Lapasset told Press Association Sport's www.thesportbriefing.com that the IRB had agreed to support Argentina's initial introduction into the tournament with a one-off financial contribution of around USD 2 million.
The financial support is expected to be ratified by the IRB Council, removing the one remaining significant obstacle to Argentina joining the tournament, which includes South Africa, New Zealand and Australia.
"It is done," said Lapasset at the Global Sports Forum in Barcelona.
"The principle is to support the cost of the introduction of Argentina into the Tri Nations.
"It will be a one-off payment of around US Dollars 2 million. The principle is agreed, and we just need the IRB Council to confirm at the next meeting [scheduled for May 12].
"It will be done so Argentina can enter in 2012.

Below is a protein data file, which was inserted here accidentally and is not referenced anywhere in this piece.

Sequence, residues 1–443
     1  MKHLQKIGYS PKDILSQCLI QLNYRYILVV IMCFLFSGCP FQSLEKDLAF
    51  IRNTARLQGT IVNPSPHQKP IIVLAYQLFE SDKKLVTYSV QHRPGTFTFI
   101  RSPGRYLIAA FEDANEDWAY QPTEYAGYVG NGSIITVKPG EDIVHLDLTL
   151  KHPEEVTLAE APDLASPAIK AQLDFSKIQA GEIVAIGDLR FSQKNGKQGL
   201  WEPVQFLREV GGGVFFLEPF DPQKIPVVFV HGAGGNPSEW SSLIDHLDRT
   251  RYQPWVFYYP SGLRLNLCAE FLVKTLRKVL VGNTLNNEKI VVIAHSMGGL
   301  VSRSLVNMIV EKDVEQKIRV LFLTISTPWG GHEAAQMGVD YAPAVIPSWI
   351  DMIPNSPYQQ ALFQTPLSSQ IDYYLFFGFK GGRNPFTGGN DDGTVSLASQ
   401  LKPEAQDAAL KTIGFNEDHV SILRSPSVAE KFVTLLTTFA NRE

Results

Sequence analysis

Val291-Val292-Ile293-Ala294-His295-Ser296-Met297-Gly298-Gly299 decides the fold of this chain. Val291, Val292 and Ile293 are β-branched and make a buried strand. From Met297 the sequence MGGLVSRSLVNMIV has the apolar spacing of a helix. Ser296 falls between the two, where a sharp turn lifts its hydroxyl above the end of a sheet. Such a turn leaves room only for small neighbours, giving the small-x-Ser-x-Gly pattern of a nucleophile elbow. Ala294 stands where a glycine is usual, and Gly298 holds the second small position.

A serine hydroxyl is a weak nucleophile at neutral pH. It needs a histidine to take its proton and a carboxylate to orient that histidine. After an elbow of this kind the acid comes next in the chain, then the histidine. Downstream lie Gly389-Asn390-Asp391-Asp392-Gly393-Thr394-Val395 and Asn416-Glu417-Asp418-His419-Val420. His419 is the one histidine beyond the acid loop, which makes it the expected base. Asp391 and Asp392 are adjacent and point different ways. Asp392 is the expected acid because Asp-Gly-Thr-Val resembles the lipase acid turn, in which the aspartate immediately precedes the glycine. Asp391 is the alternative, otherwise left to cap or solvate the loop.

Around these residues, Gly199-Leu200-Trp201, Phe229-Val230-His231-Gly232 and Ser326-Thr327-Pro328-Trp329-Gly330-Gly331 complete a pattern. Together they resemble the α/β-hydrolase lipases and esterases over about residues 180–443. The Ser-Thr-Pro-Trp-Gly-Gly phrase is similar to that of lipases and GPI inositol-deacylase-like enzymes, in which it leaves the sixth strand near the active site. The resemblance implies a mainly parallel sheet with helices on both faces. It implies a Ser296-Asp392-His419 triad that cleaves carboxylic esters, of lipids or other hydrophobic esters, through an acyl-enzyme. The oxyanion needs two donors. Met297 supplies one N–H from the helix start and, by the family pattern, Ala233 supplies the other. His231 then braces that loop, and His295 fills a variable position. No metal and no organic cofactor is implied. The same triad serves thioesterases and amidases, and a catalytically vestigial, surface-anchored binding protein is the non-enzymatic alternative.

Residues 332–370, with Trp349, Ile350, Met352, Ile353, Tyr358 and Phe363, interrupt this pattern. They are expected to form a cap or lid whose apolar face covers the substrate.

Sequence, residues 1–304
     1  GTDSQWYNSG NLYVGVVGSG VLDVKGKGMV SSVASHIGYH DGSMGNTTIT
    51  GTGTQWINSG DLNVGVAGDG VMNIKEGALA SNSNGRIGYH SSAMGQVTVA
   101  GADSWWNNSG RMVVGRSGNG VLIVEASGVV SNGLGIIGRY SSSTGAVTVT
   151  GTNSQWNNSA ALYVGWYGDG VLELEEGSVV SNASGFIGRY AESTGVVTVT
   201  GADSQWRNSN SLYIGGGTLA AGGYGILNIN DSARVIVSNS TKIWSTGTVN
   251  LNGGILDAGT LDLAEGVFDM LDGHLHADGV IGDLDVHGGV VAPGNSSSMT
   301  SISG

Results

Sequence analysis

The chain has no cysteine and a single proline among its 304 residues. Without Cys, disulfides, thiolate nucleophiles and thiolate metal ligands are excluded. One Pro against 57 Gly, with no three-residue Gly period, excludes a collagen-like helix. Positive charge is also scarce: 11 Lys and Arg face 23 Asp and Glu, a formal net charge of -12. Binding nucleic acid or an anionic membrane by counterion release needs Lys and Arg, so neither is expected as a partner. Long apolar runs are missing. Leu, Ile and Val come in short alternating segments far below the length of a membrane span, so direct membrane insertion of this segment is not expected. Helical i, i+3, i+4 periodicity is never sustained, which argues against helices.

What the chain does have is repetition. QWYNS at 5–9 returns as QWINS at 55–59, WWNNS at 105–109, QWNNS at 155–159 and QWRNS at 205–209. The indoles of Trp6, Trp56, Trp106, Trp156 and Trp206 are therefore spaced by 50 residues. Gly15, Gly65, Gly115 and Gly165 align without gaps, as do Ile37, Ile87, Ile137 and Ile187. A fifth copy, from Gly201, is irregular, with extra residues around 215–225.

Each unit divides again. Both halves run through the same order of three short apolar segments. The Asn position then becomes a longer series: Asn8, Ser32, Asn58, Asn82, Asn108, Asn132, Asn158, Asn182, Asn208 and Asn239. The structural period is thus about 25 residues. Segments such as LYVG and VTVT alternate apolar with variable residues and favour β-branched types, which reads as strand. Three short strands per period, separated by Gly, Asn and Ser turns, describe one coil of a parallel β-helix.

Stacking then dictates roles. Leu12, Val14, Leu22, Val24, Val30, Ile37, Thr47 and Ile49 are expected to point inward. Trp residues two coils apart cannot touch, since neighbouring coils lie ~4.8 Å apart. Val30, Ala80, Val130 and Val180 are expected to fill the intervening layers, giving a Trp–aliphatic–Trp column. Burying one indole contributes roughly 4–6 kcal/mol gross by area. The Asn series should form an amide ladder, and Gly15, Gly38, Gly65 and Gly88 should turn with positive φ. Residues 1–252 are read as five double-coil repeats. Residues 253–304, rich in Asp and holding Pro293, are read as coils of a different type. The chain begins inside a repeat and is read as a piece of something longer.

"We have an agreement with South Africa, New Zealand and Australia for the financial programme that is now in place, and the three existing nations are supportive."
Argentina's third-place finish at the 2007 Rugby World Cup highlighted the need for the team to engage in regular matches against top-quality opposition.
In September 2009, Sanzar, the board representing the national rugby unions of the existing Tri Nations teams, tabled a conditional invitation to Argentina to join the competition.
Aside from being geographically stranded on the global rugby map, the fact that most of Argentina's best players are based in Europe has also counted against bringing the South American country into the fold.
"The challenge now is to organise the travel arrangements between the countries," admitted Lapasset, who sits on the IRB Council.
"However, it is fantastic [that Argentina will join the Tri Nations].
"It started with the World Cup in 2007 and we realised the importance of creating a symbol in South America.
"It will help to build professionalism within Argentinian rugby."